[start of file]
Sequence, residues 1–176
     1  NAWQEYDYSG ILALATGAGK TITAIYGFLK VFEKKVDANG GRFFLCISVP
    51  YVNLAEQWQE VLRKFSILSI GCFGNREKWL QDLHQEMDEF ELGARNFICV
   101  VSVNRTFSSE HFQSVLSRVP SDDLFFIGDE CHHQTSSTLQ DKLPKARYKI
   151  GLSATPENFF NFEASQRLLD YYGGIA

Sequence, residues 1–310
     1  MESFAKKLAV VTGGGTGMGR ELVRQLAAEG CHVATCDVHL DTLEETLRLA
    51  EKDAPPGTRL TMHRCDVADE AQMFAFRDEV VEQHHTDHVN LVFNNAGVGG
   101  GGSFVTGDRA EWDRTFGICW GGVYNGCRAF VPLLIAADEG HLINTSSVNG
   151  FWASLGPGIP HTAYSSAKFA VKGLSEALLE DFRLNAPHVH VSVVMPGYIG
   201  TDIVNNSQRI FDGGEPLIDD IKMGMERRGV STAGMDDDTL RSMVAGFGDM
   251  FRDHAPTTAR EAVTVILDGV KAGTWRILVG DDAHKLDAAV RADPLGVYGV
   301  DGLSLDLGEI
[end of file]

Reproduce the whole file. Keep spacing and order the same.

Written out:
Sequence, residues 1–176
     1  NAWQEYDYSG ILALATGAGK TITAIYGFLK VFEKKVDANG GRFFLCISVP
    51  YVNLAEQWQE VLRKFSILSI GCFGNREKWL QDLHQEMDEF ELGARNFICV
   101  VSVNRTFSSE HFQSVLSRVP SDDLFFIGDE CHHQTSSTLQ DKLPKARYKI
   151  GLSATPENFF NFEASQRLLD YYGGIA

Sequence, residues 1–310
     1  MESFAKKLAV VTGGGTGMGR ELVRQLAAEG CHVATCDVHL DTLEETLRLA
    51  EKDAPPGTRL TMHRCDVADE AQMFAFRDEV VEQHHTDHVN LVFNNAGVGG
   101  GGSFVTGDRA EWDRTFGICW GGVYNGCRAF VPLLIAADEG HLINTSSVNG
   151  FWASLGPGIP HTAYSSAKFA VKGLSEALLE DFRLNAPHVH VSVVMPGYIG
   201  TDIVNNSQRI FDGGEPLIDD IKMGMERRGV STAGMDDDTL RSMVAGFGDM
   251  FRDHAPTTAR EAVTVILDGV KAGTWRILVG DDAHKLDAAV RADPLGVYGV
   301  DGLSLDLGEI